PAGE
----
Flickr, Oakley Originals
Create your own family museum in your home! It’s fun for everyone and might give you some added insight into members of your family. The museum can be as simple as a shelf or small table or more elaborate like an entire display case or shelving unit. What do you put in a family museum? Well, it can be a joint display like everyone’s favourite items and souvenirs from a recent family trip or outing like a visit to the beach or a family crafting session. Or you can pick a theme – something holiday or seasonally related or just something random – and see what everyone contributes as their take on that theme. Maybe you’ll have a rule that for this week’s (or month’s or whatever) display that everything shared has to be handmade!
Flickr, Laineys Repertoire
You can also take turns as “curator” and allow that person to decide what they would like to display. Maybe they want to show off their favourite collection (hockey cards? sea shells? Happy Meal toys?) or make a display of a mixture of their favourite items or maybe the current curator can “challenge” the next to come up with a display on a particular topic. If it’s your turn as the parent, you might want to take the opportunity to make an exhibit that is not only interesting but educational. Your child has shown an interest in rocks? Put together a display all about different types of rocks. Your child is learning about birds at school? Make an exhibit all about birds, their different styles of beaks, the different types of foods they eat and so on to reinforce what they’re learning. As an extra element to this, you can hold an “opening night reception” for each new display, allowing the curator some time in the spotlight to tell about their exhibit and answer any questions. Celebrate with snacks and a toast with juice!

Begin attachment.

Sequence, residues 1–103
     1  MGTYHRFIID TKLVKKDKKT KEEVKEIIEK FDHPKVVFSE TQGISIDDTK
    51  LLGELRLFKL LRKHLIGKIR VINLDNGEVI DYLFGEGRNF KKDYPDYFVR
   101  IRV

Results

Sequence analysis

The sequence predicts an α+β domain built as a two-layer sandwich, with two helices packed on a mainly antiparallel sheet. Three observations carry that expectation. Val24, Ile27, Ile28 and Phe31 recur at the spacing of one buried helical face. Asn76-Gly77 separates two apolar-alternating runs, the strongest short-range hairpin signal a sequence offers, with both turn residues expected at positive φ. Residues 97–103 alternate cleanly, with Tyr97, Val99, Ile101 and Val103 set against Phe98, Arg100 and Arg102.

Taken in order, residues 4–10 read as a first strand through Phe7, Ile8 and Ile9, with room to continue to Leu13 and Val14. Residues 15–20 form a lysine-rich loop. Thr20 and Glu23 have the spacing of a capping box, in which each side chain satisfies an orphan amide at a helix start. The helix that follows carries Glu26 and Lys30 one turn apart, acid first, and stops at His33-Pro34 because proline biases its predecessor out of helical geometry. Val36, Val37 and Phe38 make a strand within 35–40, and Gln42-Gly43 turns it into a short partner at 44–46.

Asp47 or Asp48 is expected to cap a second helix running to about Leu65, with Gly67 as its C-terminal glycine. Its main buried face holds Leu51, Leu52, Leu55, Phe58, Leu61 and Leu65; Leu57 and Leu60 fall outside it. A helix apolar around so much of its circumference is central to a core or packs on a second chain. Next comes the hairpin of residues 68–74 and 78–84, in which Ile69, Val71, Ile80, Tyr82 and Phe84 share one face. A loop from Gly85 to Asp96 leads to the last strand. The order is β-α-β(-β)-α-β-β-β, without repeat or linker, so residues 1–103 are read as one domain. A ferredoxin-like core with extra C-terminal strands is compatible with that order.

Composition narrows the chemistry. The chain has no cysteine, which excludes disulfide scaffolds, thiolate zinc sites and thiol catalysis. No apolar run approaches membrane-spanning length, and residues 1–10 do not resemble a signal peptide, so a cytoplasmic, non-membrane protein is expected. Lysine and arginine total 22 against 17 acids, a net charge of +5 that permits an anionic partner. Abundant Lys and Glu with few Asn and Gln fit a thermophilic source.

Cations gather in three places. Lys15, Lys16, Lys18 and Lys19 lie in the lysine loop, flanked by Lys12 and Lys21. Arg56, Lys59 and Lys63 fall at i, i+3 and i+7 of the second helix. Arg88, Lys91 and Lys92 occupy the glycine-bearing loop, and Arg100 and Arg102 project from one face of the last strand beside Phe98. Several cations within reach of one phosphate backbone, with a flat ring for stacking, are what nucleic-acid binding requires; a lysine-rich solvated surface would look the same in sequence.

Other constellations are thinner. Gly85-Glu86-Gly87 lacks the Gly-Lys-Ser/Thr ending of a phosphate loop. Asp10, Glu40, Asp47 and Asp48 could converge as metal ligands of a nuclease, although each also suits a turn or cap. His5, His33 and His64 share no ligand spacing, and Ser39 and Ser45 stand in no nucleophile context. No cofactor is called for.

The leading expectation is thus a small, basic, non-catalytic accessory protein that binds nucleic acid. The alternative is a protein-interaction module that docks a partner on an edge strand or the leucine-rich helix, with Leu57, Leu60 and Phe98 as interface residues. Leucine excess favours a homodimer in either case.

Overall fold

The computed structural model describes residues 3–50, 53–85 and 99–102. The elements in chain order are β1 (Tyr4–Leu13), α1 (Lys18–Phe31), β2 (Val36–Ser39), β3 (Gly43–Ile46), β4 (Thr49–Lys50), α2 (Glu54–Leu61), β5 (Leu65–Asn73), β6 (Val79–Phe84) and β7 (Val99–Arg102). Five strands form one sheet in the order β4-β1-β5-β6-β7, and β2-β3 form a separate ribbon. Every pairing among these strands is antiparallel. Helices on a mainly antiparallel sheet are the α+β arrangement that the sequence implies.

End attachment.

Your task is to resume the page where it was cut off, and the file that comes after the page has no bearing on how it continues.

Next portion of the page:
Flickr, D Sharon Pruitt
A family museum can be a great way to teach each other some new things, to learn more about each other, and to practise putting together a display – a useful skill for the many school projects that will come along. If your child is involved in Scouting, there are often badges related to setting up such a display as well. You might even want to start off with a visit to your local museum to show your kids what types of displays they have. You can often even arrange a brief visit to meet the curator and have them explain what they do. It’s a great learning experience and way to open up new areas of arts and culture to your children. A bonus to all of this is that instead of stepping on all those Legos and other such items your child might leave lying on the floor, you can let them turn them into a museum display up on the shelf. It shows that you value the things they make but saves you from the clutter (and from hurting your feet AND their toys when you inadvertently step on them!). Family museums can be a simple way of honouring the members of your family and their interests – but most of all, they can be a lot of fun!
This blog post is part of a month long series. It’s a blog hop of sorts – many different bloggers are taking part, presenting a variety of topics in a 31 day series.
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To catch up on the previous posts in my series, 31 Days of Family Fun, go here:
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